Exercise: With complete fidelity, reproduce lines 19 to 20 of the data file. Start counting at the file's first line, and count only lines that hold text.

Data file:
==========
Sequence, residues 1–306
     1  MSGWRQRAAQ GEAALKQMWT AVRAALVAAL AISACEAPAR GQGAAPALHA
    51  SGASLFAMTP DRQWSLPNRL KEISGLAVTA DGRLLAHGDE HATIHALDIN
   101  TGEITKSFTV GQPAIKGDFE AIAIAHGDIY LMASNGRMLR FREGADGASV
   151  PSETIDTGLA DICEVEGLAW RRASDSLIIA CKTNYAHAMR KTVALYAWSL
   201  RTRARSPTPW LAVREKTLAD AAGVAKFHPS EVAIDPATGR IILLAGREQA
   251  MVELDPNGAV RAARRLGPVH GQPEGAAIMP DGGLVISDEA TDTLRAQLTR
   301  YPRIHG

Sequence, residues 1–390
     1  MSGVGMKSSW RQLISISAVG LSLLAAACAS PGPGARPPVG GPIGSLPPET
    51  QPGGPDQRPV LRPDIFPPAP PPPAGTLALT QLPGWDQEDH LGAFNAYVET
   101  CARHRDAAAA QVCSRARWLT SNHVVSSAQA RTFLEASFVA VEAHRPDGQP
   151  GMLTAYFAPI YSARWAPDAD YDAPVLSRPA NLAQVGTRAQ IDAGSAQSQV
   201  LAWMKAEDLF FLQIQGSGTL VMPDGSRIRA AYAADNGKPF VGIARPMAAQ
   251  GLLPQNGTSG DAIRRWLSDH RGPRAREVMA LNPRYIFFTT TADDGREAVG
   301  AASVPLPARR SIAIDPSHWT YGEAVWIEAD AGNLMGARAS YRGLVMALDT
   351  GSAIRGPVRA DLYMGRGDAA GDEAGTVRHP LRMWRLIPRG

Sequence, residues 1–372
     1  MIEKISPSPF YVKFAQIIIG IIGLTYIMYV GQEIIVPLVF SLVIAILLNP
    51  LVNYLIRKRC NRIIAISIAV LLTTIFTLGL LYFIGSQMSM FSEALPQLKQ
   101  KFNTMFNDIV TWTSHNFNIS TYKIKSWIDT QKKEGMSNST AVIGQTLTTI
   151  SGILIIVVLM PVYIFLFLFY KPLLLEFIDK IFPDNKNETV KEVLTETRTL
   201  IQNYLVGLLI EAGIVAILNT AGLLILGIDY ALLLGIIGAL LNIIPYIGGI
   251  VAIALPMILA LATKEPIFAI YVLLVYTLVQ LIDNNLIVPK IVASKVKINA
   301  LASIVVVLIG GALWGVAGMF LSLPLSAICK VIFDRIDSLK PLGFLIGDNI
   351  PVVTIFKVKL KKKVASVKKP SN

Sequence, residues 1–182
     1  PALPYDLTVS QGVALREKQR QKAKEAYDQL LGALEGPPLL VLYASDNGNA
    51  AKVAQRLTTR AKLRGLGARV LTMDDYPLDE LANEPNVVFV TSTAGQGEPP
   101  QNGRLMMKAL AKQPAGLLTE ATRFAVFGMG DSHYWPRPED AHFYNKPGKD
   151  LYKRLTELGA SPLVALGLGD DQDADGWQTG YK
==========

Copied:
     1  MIEKISPSPF YVKFAQIIIG IIGLTYIMYV GQEIIVPLVF SLVIAILLNP
    51  LVNYLIRKRC NRIIAISIAV LLTTIFTLGL LYFIGSQMSM FSEALPQLKQ